User:Kirstin Grace Harriger/Notebook/Physics 307L/Oscilloscope Lab

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Lab 00: Oscilloscope Exploration

SJK 14:13, 24 September 2010 (EDT)
14:13, 24 September 2010 (EDT)
Overall, looks like a very good primary notebook!


  • Triggering: Triggering is how the oscilloscope detects the wave being generated by the function generator. The triggering mechanism detects the wave by looking for a specific voltage value on either the rising or falling part of the wave. This value is the starting point of the wave that gets displayed.
  • Coupling: There is an AC and a DC signal from the function generator. The oscilloscope offers the option to choose between them when displaying the wave function. AC coupling generates a wave function while DC coupling generates the same function but with a constant voltage added on. AC coupling makes the signal go through a capacitor in an RC circuit, which acts as a high pass filter and smooths away noiseSJK 22:06, 21 September 2010 (EDT)
    22:06, 21 September 2010 (EDT)
    The DC component is not necessarily noise. In fact, I'd usually think of noise as higher frequency component of a signal. Lower-frequency "noise" may be more often referred to as "drift" or "offset."
    that is left in with the DC coupling.

Safety Concerns

  • Electric shock to people or equipment
  • General accidents


SJK 22:08, 21 September 2010 (EDT)
22:08, 21 September 2010 (EDT)
This looks like a very good recording of the setup and procedure in your primary lab notebook here. Great that you include the make and model numbers of the equipment. The photos are a very good way of recording and presenting information. It looks to me like you've provided the necessary information to replicate these experiments at a later date.
  • Oscilloscope: Tektronix TDS 1002
  • Wave Generator: BK Precision 4017A 10MHZ Sweep/Function Generator
  • Wires and Connectors: BNC Cable


Part 1: Basic Waveform Measurement

We used a BNC cable to connect the function generator to Channel 1 on the oscilloscope and turned both machines on. We set the triggering to CH 1 on the oscilloscope. We changed settings on the function generator to make sine, triangle, and square waves at 3 different voltages, 3V, 8V, 13.4V, one consistent frequency, 120Hz, and 0 DC offset. We took measurements for the period and voltage of each wave type at each voltage from the oscilloscope. We then measured the period and voltage of each wave type set to 8V, 120Hz, and a DC offset of a 1/2 turn of the knob. To take our measurements, we used 3 methods: counting grid squares by eye, aligning the cursors to the edges of the wave to let the oscilloscope count the changes in axis that define the voltage and period, and using the oscilloscope's measure function.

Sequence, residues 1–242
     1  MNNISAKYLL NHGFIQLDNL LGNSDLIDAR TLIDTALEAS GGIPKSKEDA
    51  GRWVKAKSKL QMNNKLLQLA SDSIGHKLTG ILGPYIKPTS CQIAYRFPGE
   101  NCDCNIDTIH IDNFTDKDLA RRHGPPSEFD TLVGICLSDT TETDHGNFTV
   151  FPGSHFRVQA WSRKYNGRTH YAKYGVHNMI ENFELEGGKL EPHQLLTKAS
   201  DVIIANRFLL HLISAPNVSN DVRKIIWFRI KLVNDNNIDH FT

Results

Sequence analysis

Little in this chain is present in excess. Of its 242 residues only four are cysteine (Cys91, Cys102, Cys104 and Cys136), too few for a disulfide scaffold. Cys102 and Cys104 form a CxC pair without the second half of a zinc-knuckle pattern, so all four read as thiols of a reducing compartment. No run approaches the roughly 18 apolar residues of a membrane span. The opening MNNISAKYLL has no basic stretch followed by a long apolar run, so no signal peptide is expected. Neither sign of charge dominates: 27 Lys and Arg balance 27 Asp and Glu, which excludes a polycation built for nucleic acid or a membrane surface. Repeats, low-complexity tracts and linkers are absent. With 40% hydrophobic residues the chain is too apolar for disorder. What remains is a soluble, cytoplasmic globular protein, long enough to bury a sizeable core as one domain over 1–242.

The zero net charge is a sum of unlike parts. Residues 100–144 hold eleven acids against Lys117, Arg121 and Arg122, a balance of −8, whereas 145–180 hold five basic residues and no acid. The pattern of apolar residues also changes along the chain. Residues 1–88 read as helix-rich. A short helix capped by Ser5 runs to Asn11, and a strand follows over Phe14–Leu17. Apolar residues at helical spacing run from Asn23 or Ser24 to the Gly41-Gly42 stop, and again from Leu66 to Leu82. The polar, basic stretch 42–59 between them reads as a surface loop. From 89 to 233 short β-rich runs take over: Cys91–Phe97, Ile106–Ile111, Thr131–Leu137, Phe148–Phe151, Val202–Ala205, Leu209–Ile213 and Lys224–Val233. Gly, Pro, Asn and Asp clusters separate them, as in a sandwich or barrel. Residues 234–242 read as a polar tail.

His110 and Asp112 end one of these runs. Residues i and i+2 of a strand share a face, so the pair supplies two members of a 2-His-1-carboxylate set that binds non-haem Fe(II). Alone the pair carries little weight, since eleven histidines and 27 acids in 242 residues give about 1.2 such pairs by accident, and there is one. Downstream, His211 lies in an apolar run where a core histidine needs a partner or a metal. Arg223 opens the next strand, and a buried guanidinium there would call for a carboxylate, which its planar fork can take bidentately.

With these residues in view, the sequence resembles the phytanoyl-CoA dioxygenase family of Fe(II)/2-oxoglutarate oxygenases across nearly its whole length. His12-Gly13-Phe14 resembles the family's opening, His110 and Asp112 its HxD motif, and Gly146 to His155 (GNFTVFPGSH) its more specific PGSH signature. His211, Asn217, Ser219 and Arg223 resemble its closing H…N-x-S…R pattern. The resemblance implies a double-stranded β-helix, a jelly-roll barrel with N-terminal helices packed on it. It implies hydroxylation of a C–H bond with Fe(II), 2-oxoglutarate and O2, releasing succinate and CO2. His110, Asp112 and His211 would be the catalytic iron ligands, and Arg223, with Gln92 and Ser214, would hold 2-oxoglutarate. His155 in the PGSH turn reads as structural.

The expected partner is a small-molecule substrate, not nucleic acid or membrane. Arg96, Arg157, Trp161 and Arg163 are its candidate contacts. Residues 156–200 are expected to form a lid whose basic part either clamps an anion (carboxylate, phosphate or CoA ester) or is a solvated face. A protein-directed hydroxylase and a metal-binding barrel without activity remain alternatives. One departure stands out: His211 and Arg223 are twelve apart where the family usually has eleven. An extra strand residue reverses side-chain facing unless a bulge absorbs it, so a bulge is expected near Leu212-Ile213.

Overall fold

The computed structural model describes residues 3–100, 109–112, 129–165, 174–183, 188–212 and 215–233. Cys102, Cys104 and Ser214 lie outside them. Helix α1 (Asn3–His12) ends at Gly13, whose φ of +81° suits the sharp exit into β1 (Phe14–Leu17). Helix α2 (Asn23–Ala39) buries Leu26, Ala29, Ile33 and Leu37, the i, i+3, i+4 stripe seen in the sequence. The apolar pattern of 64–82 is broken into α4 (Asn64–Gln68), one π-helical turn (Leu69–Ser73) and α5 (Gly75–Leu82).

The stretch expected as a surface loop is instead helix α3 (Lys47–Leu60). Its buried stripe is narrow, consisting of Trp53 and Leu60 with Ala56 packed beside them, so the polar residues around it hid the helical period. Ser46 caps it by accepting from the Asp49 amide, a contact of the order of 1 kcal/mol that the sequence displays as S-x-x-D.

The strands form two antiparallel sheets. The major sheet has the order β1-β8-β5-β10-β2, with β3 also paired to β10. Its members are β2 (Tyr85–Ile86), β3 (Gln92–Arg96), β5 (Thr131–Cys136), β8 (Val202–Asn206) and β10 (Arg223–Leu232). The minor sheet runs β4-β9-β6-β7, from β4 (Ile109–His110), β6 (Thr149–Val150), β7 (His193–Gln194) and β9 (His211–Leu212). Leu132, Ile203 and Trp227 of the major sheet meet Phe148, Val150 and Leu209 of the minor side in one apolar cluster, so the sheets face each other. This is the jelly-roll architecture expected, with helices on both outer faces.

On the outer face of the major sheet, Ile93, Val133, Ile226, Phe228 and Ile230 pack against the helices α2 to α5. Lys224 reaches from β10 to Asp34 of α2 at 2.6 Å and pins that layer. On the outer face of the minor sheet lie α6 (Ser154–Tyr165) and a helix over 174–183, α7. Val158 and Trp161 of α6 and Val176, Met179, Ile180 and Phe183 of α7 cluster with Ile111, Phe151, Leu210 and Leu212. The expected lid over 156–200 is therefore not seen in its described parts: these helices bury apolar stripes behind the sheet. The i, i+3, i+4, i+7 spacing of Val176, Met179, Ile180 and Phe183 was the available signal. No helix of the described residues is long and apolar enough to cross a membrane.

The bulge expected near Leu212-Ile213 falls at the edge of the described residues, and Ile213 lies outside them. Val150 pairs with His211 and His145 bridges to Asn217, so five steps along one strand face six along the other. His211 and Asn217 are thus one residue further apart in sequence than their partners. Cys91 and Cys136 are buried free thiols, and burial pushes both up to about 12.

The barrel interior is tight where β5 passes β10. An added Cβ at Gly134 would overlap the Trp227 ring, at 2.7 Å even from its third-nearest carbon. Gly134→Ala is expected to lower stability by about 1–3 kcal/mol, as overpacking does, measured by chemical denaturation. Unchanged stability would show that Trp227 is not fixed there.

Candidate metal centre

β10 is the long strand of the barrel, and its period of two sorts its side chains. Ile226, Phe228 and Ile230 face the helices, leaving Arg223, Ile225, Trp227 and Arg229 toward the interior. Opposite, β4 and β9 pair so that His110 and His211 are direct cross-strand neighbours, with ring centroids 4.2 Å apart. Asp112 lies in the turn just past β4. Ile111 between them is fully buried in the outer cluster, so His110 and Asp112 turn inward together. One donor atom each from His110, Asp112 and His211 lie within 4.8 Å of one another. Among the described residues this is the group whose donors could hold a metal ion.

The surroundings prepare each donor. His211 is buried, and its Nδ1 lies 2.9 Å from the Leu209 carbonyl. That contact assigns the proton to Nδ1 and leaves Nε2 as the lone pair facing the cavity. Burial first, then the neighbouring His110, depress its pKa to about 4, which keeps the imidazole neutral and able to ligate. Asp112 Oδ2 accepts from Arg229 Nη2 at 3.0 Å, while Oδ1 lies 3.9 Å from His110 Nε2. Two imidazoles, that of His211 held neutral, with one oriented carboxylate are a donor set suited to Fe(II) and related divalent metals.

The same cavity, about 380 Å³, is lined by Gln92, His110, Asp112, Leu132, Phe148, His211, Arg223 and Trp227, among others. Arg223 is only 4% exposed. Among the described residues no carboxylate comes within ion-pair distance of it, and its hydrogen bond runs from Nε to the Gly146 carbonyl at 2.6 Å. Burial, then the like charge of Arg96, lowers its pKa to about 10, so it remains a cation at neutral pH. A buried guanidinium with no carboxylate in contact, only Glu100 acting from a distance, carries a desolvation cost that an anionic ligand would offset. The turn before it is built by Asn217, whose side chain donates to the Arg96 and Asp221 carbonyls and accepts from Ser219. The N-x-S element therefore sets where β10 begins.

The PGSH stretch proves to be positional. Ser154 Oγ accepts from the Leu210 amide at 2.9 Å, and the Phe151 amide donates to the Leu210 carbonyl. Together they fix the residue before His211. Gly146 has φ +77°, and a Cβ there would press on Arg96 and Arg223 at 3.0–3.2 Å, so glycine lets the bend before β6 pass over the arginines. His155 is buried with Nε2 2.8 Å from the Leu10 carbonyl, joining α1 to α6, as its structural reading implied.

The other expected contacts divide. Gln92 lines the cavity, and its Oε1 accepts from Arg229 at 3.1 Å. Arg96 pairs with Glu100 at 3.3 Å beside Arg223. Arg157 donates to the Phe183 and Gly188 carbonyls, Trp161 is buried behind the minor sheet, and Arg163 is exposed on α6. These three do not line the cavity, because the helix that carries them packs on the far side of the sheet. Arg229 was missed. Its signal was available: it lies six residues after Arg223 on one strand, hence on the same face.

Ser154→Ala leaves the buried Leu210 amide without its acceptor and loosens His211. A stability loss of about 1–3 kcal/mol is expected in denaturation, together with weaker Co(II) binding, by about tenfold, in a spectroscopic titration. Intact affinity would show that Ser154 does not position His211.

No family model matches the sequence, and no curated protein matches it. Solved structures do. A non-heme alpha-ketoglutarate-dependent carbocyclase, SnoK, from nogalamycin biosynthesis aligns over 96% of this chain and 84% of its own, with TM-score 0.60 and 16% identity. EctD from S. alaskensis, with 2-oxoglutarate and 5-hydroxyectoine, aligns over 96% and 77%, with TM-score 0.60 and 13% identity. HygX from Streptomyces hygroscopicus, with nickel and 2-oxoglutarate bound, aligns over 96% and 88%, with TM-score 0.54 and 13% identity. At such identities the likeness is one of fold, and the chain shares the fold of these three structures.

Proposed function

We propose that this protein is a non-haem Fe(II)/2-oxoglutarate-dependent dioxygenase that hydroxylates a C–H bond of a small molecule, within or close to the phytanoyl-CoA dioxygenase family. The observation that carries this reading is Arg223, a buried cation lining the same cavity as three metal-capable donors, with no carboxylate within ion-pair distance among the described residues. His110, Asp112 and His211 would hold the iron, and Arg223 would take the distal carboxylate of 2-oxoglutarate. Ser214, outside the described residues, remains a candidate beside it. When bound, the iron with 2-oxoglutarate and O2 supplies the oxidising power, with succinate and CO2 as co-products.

Oscilloscope and function.jpg
This is our set up. The oscilloscope is on the top, and the function generator is on the bottom.

Oscilloscope sinewave.jpg
This is a sine wave that was created by the function generator and is being measured by the oscilloscope.

Part 2: AC Coupling Fall Time Measurement
To compare DC and AC coupling and measure the AC fall time, we used a square wave with a voltage of 8.6V, a frequency of 11Hz, and a DC offset of 0. To measure the fall time, we used the oscilloscope's measure function and then used the cursors to find points on the wave we could use in an equation to find the fall time. At low frequencies the inherent properties of the AC circuit allowed us to measure the fall time. The fall time represents how long it takes the voltage to drop by 10%. SJK 22:14, 21 September 2010 (EDT)
22:14, 21 September 2010 (EDT)
This is a typo. You probably meant fall time from 100% to 10% of the value, not "by 10%." Also, tau is the RC constant, and tau is different from the time from 100 to 10%.
The fall time is also known as the RC constant.

Square wave.jpg
This is a square wave with DC coupling.

AC coupling.jpg
This is the same wave with AC coupling. The fall time is the change in the time axis spanned by concave-up curve that makes up the peak of the square wave.


Part 1: Basic Waveform Measurement

{{#widget:Google Spreadsheet |key=0AoEBBJie7L2cdEI4N3pPdUtrUndCZzNvdWV5M0JCalE |width=550 |height=300 }}

Part 2: AC Coupling Fall Time Measurement
SJK 22:22, 21 September 2010 (EDT)
22:22, 21 September 2010 (EDT)
Good use of the spreadsheet above for your data. The most quantitative part of this lab was the fall time estimation. If this were a "real" lab, you would for sure have made more measurements of the fall time, and then figured out a method for estimating the uncertainty in your fall time estimation. Likely, this would be mean +/- standard error of the mean.

We measured a fall time of 37.1 ms with the measure function, and with the cursors we measured the end points of the concave-up curve that makes up the peak of the square wave to be (-35.2ms, 7.2V) and (- 21ms, 4V).


From the cursor measurements, the fall time, , can be found using the equation:

From the square wave we measured the following values with the cursor:

Using these values in this equation derived from the first:

is determined to be 23.82ms. This is 64% of the oscilloscope's value.

SJK 22:19, 21 September 2010 (EDT)
22:19, 21 September 2010 (EDT)
I am not checking your math, but assuming you're doing it correctly. In contrast to your lab summary, I think your calculation using the cursor are _more_ accurate that the "measure" function. I think the measure function does not work properly when the wave is truncated like you have, and further more, "fall time" as defined in the oscilloscope is not tau, but is ln(10) * tau I think.


SJK 22:20, 21 September 2010 (EDT)
22:20, 21 September 2010 (EDT)
Good links for resources and good link to Brian
  1. Physics 307L Oscilloscope Lab
  2. Wikipedia article on oscilloscopes
  3. National Instruments: AC and DC Coupling
  4. Wikipedia article on fall time


  1. Brian Josey